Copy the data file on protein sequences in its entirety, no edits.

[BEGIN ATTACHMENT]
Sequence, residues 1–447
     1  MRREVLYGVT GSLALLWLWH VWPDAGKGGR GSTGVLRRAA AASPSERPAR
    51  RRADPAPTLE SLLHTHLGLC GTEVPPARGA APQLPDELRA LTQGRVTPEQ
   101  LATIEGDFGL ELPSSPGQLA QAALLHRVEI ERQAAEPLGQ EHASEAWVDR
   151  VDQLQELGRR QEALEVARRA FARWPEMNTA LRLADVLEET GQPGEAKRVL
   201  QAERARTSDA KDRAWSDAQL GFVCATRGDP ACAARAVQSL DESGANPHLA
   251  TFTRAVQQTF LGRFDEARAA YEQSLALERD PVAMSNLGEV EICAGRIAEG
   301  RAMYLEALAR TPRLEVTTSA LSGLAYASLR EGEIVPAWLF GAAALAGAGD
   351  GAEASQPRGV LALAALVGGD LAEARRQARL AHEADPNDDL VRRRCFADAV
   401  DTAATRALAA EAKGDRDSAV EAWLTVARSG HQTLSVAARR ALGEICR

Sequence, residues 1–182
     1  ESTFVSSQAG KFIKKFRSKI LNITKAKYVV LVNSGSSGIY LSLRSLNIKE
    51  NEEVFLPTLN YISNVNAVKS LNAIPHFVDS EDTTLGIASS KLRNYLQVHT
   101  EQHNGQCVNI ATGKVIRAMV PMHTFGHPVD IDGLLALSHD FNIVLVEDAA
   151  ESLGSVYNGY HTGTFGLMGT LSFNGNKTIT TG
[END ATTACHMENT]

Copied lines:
Sequence, residues 1–447
     1  MRREVLYGVT GSLALLWLWH VWPDAGKGGR GSTGVLRRAA AASPSERPAR
    51  RRADPAPTLE SLLHTHLGLC GTEVPPARGA APQLPDELRA LTQGRVTPEQ
   101  LATIEGDFGL ELPSSPGQLA QAALLHRVEI ERQAAEPLGQ EHASEAWVDR
   151  VDQLQELGRR QEALEVARRA FARWPEMNTA LRLADVLEET GQPGEAKRVL
   201  QAERARTSDA KDRAWSDAQL GFVCATRGDP ACAARAVQSL DESGANPHLA
   251  TFTRAVQQTF LGRFDEARAA YEQSLALERD PVAMSNLGEV EICAGRIAEG
   301  RAMYLEALAR TPRLEVTTSA LSGLAYASLR EGEIVPAWLF GAAALAGAGD
   351  GAEASQPRGV LALAALVGGD LAEARRQARL AHEADPNDDL VRRRCFADAV
   401  DTAATRALAA EAKGDRDSAV EAWLTVARSG HQTLSVAARR ALGEICR

Sequence, residues 1–182
     1  ESTFVSSQAG KFIKKFRSKI LNITKAKYVV LVNSGSSGIY LSLRSLNIKE
    51  NEEVFLPTLN YISNVNAVKS LNAIPHFVDS EDTTLGIASS KLRNYLQVHT
   101  EQHNGQCVNI ATGKVIRAMV PMHTFGHPVD IDGLLALSHD FNIVLVEDAA
   151  ESLGSVYNGY HTGTFGLMGT LSFNGNKTIT TG